The TOWNS AND PLACES page is our portal to the Cultural History of the Black Range.  The map found below will help as you place these locations geographically but our pages travel in time as well, from the earliest inhabitants to today’s oldest inhabitants - and hopefully everything in between.  Ultimately this portal and its associated pages is about people (see our Natural History portal for the geology, flora, and fauna of the Black Range).  Be sure to visit our portals for Artists and Writers, as well as our Interviews and Presentations Page for information about todays inhabitants and the Early Indian Sites page for information about our earliest inhabitants.  Two other pages augment the cultural history of the Black Range: Who We Are and Who We Were.  And lastly, because this site is not everything for everyone, we provide a Links Page to other sites associated with the Black Range.  Starting from the northeast corner of the range we take a tour of our cultural history:


Our coverage of the Monticello area includes video of two exciting places; Ojo Caliente (a small hot spring which was the epicenter of much of the conflict between the Anglos and the Apaches) and the Monticello Box (in this area of the American Southwest, a “box” is a narrow canyon with steep walls) a wonderful place with a county road and a stream (Alamosa Creek) running through it.  We also have two Auto Tour Videos shot in this area.  These are videos shot from a vehicle and are the perfect way to see a section of road, the lay of the land, major cultural and physical features, and the vegetation of the area.  These videos are:  Forest Road 139 which runs from Monticello to Springtime Campground, a drive through beautiful southwest mountain landscape; and Forest Road 140 which runs from before the Monticello Box to Monticello.


These two towns are included in our coverage of the Northeast Quadrant of the Black Range.  Chloride is represented by our photo gallery of the area, including its excellent museum.:  Chloride is a website operated by others and is a comprehensive representation of the town.



The Black Range being what it is, you can’t always get “there from here”.  Hillsboro and Kingston are on NM-152 in the east central part of the Black Range.  To get there from Winston and Chloride drive east to Interstate 25 and drive south to NM-152.  Hillsboro is about 18 miles west of the Interstate and Kingston is about 8 miles farther west still.  Hillsboro is in that wonderful transition zone between the desert and the mountains and Kingston is green.  Our coverage of this area includes:  Hillsboro (an overview of the town and its ethos); Hillsboro Walking Tour (which includes a number of photographs and descriptions of historical buildings in the town); Kingston (a map of the walking tour of the town); An Auto Tour Page - East of Hillsboro to Emory Pass on NM-152 which includes narrative descriptions and photographs of the area - it includes four video segments (Segment 1: East of Hillsboro to Hillsboro - Segment 2: Hillsboro to Kingston - Segment 3: NM-152 to Carbonate Creek on FR-157 - Segment 4: Kingston to Emory Pass).  Our video - The Percha Pools - depicts the Percha Box east of Hillsboro.  The Hillsboro Historical Society publishes a quarterly newsletter chocked full of historical fact and extended articles.  We provide all of the copies of this excellent resource at:  Guajalotes, Zopilotes, y Paisanos.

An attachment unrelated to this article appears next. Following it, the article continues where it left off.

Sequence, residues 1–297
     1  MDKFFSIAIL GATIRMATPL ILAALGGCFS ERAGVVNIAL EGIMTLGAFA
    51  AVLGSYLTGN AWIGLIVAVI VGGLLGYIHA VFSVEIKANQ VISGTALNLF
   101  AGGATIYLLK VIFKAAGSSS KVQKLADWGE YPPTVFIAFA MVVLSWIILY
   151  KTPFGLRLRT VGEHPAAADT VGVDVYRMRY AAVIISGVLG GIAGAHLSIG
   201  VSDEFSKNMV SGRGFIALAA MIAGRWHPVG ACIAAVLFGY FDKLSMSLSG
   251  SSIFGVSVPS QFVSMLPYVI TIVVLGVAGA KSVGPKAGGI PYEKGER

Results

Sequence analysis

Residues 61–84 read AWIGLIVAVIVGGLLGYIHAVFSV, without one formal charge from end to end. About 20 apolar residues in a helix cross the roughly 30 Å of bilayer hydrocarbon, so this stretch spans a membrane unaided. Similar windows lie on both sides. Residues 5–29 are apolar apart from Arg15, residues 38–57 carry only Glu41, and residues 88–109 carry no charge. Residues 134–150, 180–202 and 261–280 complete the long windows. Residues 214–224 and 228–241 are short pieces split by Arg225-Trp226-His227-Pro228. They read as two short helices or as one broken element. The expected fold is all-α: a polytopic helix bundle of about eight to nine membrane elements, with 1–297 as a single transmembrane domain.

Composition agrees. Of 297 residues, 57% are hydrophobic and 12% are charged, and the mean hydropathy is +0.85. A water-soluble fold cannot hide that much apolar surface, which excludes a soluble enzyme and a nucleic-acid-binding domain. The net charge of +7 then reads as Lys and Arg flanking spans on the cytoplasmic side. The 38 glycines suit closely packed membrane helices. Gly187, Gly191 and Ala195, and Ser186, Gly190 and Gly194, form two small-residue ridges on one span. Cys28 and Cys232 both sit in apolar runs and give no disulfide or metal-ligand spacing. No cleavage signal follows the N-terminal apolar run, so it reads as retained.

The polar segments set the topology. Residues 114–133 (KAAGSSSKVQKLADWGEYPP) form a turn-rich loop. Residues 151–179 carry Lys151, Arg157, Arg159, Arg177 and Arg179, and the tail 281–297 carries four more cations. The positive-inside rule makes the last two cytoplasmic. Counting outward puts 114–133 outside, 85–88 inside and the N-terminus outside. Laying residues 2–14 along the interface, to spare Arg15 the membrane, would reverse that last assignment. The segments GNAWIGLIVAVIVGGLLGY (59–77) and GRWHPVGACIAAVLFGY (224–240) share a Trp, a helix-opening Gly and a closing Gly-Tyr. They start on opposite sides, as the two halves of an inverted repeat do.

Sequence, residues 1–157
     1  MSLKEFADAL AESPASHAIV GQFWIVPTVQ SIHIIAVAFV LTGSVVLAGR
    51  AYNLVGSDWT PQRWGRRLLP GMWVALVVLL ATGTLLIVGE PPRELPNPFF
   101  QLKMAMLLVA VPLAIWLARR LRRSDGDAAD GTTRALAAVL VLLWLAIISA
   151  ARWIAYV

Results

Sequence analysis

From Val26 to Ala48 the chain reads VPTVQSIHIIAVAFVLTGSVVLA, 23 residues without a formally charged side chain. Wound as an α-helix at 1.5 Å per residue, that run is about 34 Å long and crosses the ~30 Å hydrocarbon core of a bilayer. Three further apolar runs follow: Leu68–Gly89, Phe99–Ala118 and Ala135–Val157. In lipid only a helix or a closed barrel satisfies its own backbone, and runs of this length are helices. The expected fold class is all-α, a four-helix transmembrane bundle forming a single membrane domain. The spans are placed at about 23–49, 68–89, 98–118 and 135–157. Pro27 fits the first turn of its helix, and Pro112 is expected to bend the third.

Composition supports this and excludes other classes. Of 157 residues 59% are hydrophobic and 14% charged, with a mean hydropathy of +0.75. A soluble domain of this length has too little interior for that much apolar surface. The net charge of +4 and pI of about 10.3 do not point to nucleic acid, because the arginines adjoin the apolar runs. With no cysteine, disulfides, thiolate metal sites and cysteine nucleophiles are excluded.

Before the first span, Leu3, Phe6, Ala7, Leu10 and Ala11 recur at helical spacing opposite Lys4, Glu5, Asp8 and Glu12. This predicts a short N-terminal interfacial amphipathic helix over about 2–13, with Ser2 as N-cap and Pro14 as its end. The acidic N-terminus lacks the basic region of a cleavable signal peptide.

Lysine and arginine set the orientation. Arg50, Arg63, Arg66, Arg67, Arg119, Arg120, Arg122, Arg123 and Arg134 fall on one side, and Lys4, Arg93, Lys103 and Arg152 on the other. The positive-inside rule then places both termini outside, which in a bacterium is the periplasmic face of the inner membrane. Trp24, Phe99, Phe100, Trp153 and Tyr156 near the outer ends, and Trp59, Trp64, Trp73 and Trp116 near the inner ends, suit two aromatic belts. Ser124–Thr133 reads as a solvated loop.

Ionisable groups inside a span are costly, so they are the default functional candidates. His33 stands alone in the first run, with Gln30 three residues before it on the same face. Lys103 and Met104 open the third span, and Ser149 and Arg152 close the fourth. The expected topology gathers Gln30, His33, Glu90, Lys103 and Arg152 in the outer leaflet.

Traveling south from Hillsboro on NM-27 you will pass through cattle country in the rolling hills of the Black Range.  This is an area of fossils, beautiful plants, and intriguing history.  Our coverage of this area includes:  Tales of Lake Valley (the history of this real ghost town); our Lake Valley Photo Gallery; and an Auto Tour - NM-27 From Hillsboro to Nutt (which includes photographs, narrative and videos).


There are no towns along the southern fringe of the Black Range, at least not any more.  But this is an area of incredible history, perhaps the best history in the southwest.  Visit our Auto Tour of the area, Southern Roads (as always this page includes narrative and photographs and links to three road videos.  Our coverage of this area is supported by dozens of petroglyph photographs from the Pony Hills and Frying Pan Canyon Petroglyph Sites, see our Rock Art photo gallery.



The Mimbres River (Rio Mimbres) flows along much of the western length of the Black Range.  There was (an is) water here so humans have inhabited the area for thousands of years.  See our Mimbres Culture page for an overview of the Mimbres Culture which inhabited this area long before the Spanish, the Anglos, or the Apaches entered the area.  Our coverage of this area includes our Lower Mimbres Auto Tour Page which includes narrative and photographs for the route covered by NM-61 from its junction with US-180 to its junctions with NM-152.  This area includes Faywood Hot Springs, City of Rocks State Park, and a number of small towns.  The Auto Tour page is supported by three auto tour videos and our Lower Mimbres Photo Gallery.


Traveling west from Kingston you cross Emory Pass and travel down NM-152 to the village of San Lorenzo.  Our Emory Pass to San Lorenzo on NM-152 Auto Tour Page includes narrative and photographs which describe the area.


The Middle Mimbres segment includes the area around San Lorenzo and runs north on NM-35 to North Star Road.  See the Middle Mimbres page and the Middle Mimbres photo gallery.


From its junction with NM-35 to its northern terminus the North Star Road bisects two beautiful wilderness areas.  See our Northwest Quadrant page and the Northwest Quadrant photo gallery.

See our Roads of the Black Range page for an extensive index to our auto tour and topical interest pages for the Black Range.



links ARE in Yellow